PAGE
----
7. What happens if the tenant hasn’t left the property after the notice period?
Suppose the tenant hasn’t corrected their mistake or vacated the property by the notice period’s expiry date. In that case, a landlord must apply for a court order for possession. A court order for possession legally states that a tenant needs to vacate the property by the date outlined in the order.
As part of the application, the landlord must provide evidence in court that proves that the reason for the termination of tenancy falls under a specific ground.
Again, suppose the order of possession is successful. In that case, the time given to vacate the property depends on whether the grounds were mandatory or discretionary.
Order for possession under a mandatory ground
If the landlord successfully proves the chosen mandatory ground, the court must make an order for possession. Generally, the court allows the tenant 14 days to vacate the property. However, the court may extend this 14 days up to 6 weeks in cases of exceptional hardship.
Order for possession under a discretionary ground
Suppose the landlord is successful in proving the chosen ground. In that case, the court can make an order for possession if it considered reasonable to do so on all the available facts. On completing the order, the court may order the following:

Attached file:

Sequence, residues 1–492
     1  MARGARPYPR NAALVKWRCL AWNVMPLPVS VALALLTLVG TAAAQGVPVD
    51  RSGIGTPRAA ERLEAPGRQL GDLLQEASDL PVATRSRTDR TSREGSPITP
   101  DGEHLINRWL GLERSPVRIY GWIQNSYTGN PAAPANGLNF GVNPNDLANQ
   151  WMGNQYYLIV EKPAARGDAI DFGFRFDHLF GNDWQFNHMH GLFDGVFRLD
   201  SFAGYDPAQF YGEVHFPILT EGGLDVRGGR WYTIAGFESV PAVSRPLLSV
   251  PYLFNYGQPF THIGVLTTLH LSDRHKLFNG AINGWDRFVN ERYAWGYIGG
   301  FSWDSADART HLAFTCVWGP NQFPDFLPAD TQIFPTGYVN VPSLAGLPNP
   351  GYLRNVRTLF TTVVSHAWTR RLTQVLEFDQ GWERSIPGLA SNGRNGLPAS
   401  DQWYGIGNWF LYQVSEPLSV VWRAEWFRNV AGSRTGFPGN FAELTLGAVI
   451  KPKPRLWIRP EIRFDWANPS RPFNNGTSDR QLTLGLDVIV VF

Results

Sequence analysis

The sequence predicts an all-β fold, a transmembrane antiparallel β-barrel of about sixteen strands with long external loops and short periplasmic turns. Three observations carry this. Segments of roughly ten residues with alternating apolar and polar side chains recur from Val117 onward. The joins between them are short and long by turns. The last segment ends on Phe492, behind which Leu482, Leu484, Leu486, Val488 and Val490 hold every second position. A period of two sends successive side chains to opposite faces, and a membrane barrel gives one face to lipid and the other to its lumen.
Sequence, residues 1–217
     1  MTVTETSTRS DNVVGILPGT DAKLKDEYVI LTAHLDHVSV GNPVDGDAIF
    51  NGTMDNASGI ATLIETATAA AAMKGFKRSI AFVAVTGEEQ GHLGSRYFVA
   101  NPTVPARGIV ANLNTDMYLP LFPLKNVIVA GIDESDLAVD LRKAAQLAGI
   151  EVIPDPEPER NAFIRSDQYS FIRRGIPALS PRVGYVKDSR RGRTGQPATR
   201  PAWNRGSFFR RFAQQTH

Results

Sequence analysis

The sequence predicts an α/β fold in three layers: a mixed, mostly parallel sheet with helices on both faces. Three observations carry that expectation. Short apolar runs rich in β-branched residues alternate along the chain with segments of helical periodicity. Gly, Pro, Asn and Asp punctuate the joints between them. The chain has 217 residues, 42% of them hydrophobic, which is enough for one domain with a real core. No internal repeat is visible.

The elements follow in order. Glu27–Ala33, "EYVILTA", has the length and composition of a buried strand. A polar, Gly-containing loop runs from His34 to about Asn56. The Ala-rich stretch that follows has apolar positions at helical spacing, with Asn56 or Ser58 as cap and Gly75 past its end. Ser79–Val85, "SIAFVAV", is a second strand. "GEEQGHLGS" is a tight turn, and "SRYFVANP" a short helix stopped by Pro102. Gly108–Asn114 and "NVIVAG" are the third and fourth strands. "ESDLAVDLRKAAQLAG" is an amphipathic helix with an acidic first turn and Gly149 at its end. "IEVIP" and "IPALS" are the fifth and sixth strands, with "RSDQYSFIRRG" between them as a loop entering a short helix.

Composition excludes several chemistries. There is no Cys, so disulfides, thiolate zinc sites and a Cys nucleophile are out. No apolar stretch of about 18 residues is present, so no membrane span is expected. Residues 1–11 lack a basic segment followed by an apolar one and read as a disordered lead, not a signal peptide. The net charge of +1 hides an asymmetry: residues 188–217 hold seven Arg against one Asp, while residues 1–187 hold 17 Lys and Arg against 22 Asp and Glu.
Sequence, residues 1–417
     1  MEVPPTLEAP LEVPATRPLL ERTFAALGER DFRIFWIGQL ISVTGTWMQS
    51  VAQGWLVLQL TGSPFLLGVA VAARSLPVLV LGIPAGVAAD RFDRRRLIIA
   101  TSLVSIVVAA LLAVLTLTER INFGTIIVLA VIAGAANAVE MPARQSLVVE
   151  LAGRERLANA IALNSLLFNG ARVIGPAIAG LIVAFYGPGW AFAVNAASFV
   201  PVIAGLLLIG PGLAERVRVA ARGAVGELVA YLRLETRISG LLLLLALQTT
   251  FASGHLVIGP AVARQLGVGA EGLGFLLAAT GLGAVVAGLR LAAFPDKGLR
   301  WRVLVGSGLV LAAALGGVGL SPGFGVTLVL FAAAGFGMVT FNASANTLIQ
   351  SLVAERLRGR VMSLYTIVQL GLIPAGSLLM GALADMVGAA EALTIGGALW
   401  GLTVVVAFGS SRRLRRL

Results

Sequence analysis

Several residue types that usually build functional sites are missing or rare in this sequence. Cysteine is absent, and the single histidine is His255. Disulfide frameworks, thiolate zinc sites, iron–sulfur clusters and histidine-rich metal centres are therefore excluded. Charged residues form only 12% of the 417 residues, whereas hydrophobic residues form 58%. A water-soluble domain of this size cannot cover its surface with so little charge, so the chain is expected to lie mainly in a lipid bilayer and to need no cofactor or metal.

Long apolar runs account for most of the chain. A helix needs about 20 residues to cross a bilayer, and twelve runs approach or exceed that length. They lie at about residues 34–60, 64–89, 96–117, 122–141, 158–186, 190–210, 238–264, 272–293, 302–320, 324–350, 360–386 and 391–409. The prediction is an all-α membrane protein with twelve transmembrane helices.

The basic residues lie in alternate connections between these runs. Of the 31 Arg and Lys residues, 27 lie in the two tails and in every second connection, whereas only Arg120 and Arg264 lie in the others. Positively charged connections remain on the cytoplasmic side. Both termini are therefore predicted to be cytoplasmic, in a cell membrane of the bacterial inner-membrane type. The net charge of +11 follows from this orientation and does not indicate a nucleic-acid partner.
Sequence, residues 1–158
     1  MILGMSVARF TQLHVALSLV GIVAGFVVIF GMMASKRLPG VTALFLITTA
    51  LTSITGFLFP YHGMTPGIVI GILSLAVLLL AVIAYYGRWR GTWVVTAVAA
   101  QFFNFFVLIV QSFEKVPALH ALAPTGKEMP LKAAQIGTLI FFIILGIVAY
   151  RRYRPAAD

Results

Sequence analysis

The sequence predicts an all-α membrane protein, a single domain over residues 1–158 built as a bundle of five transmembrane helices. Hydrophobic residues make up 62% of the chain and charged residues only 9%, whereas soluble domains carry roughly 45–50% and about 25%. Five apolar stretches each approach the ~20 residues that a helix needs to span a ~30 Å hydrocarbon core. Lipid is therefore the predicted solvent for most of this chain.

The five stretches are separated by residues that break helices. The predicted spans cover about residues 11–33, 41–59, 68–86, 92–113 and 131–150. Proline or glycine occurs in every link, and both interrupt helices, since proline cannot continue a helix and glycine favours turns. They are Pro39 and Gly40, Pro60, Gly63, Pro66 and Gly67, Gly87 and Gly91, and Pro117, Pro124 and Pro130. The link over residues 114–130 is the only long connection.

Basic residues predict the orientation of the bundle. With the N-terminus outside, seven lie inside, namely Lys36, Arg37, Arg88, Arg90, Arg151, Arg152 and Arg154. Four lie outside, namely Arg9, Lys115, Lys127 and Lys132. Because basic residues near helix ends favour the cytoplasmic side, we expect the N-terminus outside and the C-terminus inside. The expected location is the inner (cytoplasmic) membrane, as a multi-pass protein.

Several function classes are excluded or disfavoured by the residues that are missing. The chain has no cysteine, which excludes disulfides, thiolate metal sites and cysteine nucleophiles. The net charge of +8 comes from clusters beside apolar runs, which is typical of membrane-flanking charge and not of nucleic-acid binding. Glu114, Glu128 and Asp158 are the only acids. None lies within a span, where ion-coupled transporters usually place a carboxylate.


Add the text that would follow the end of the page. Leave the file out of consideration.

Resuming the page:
- An outright order for possession, usually within 14 days.
- A stay or suspension of the possession order for such a period as the court decides.
- A postponed date of possession for such a period as the court thinks fit.
Generally, the order for possession will be suspended or postponed if the tenant would be exposed to hardship if evicted on short notice. The court may also suspend or postpone the order for possession to give the tenant another opportunity to remedy the breaches (if possible).
To read more about the process of evicting a tenant, please visit our what are the three stages to legally evicting a tenant? page.